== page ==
In social networks, I frequently receive friend requests from people I don’t know. Should I accept them?
Don’t do that. Talking to strangers, especially on social networks, isn’t safe. If a stranger approached you on the street and tried to talk to you, you would know better than to respond. However, on the street, you at least have some idea of whom you are talking to. You can easily define their age and sex and thus gauge how risky talking to the person might be. On the Internet, however, anyone can pretend to be anyone. You could chat with someone for several years without ever being sure who your “friend” really is. Doesn’t that seem creepy?
Online conversations with strangers should be limited to anonymous correspondence (it’s inevitable in the communities/forums you use to ask questions, or in gaming chats). Just don’t let this communication evolve into an online friendship.
What is personal data? Why shouldn’t I share it?
In a broader sense of the word, personal data is anything that can identify you. Primarily, it’s your documents, but it’s also information about you: your first and last name, your address, phone number, even the name of your school. In some respect, even your photos can be deemed personal data. In short, personal data is anything that identifies you.
This data must not be shared. Sharing it could make you, your parents, and their property into a target for an adversary.
It’s my blog and my social media account — why shouldn’t I post what I want?
Of course you can publish what you see fit (as long as it’s legal). It is wise to think about the long-term consequences, however. For example, when you grow up, you will need a good job. And today, the majority of employers do check candidates’ social network profiles. That why you should think twice before posting nude photos, photo reports from parties, or your views on politics, religion, or sexual orientation. Are they all worth a good job position in your future?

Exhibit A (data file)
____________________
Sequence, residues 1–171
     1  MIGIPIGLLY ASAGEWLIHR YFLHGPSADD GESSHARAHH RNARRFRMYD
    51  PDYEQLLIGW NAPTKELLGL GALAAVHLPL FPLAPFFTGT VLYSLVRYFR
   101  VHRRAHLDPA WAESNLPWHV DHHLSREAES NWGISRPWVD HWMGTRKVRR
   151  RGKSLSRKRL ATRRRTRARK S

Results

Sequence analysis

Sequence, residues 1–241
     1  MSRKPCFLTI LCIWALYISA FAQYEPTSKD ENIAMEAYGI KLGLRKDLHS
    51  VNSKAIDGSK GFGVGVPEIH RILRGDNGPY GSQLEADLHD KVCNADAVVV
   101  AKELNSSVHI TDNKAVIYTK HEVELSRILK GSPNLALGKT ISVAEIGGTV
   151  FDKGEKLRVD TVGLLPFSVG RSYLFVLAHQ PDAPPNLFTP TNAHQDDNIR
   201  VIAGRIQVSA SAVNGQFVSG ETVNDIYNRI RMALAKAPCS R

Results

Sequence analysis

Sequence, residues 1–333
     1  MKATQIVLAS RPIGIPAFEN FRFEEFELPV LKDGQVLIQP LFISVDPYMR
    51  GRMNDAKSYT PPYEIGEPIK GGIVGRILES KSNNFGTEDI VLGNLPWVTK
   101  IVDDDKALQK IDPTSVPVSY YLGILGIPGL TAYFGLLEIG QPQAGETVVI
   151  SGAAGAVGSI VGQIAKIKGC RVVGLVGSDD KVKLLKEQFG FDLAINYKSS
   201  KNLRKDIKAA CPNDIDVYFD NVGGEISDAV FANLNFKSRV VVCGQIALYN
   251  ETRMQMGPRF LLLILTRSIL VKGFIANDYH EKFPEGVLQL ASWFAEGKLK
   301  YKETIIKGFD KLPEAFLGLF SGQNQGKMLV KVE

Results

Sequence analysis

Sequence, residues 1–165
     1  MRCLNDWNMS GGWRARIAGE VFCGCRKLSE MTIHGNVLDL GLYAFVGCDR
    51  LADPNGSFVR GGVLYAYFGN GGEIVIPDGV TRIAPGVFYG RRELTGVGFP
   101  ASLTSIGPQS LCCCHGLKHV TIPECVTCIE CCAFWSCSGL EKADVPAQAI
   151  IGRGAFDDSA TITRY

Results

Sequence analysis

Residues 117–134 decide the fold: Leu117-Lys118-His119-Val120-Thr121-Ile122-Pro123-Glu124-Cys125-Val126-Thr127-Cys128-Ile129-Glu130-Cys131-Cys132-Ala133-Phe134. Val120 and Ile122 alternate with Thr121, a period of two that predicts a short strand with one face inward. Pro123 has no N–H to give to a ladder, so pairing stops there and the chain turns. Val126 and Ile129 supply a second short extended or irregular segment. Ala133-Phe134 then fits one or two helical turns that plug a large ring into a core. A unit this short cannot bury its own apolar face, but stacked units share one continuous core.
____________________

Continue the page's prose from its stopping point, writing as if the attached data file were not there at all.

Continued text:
And never forget that cyberbullies can find your account (not only today but also in the future). What if you become a celebrity in the future, or a politician? They will gladly find anything questionable in your history to make a scandal.
How do I apply appropriate privacy settings on social networks?
We have a number of instruction sets with detailed information on how to apply security settings on the most popular social networks. There are some common rules for privacy settings on social network accounts:
- The more personal your blog is, the more stringent the privacy settings should be. So, if you have a photo blog you publish under a pseudonym, where you post only kitten photos and landscapes and don’t refer to your other social network profiles, the privacy settings may be quite mild. However, if you frequently post selfies or enable geotags, make your profile as private as possible.
- Your Facebook account should be “friends only.” Also, think carefully whether you want all of your friends to have the same access rights — for example, you might consider opening comments under your photos only to close friends.
- Only your friends should be able to send direct messages to you.